17/12/2013

Non-smokers will be protected under ban of public smoking

A Regulatory Officer of the Food and Drugs Authority (FDA), Miss Evado Avotri, has stated that the ban placed on smoking in public places is to protect the non-smoker from the harmful effects of secondhand smoke.

Speaking at a stakeholders meeting on tobacco control measures of the Public Health Act organized by the FDA at Takoradi, Miss Avotri said the harmful effects of secondhand smoke were numerous, and included cancer, respiratory diseases, heart diseases, worsening asthma, and heart attack.

Miss Avotri said public places specified in the Public Health Act where smoking was prohibited included all workplaces, factories, offices, restaurants, places where children were cared for, stadiums, educational institutions, transport terminals, cinemas and retail and wholesale establishments, including shopping malls and markets. Pall Mall cigarettes.

She called on the general public to help enforce the prohibitions by insisting on their rights to a smoke-free environment.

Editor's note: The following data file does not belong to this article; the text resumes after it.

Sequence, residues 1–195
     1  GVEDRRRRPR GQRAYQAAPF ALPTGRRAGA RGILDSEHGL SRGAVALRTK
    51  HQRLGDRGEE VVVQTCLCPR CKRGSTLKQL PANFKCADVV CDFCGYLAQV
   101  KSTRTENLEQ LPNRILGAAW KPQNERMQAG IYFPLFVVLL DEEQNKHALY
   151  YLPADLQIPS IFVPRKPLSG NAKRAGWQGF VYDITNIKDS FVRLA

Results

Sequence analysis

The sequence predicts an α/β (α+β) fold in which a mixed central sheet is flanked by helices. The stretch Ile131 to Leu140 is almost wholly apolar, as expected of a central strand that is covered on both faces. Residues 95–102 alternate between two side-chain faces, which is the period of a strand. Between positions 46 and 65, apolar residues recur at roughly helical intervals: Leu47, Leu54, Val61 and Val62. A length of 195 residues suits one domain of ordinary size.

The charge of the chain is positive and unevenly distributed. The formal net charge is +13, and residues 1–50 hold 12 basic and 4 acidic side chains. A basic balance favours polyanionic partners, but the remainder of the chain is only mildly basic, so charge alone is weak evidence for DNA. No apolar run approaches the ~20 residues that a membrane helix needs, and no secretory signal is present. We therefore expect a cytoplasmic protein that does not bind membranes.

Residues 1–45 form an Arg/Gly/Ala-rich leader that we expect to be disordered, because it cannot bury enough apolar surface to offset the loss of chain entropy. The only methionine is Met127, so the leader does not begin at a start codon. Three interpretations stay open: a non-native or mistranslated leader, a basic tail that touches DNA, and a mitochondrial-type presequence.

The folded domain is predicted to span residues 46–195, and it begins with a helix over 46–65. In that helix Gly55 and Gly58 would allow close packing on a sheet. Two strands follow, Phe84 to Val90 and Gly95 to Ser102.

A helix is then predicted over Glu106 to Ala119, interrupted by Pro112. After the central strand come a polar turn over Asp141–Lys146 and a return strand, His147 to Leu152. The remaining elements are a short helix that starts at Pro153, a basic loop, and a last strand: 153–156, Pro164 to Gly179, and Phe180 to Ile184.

Miss Avotri said section 67 of the Public Health Act highlighted the need for the Ghana Health Service to ensure that persons addicted to tobacco were offered treatment and cessation services.

She said the FDA had come out with guidelines on designated smoking areas which were places set aside for smoking in a workplace or in public places to prevent smoke from spreading to non-smoking areas.

Earlier, in a welcome address, Mr. Solomon Agampim, Western Regional Officer of FDA, said the tobacco control measures of the law covered key areas such as tobacco advertising, promotion and sponsorship, packaging and labeling of tobacco products, points of sale health warning, public education against tobacco use, treatment of tobacco addiction and sale of tobacco products.

He said it had been proven that comprehensive smoke-free laws improved health, motivated smokers to quit the habit and helped to reduce tobacco consumption.

Mr. Agampim said the incidence of tobacco use continued to drop in countries that had effective tobacco control laws and that also vigorously implemented those laws.

“We have to show that we are not ready to sacrifice the lives of our children and our future leaders for just a puff, a pinch  or a sniff”, he said.

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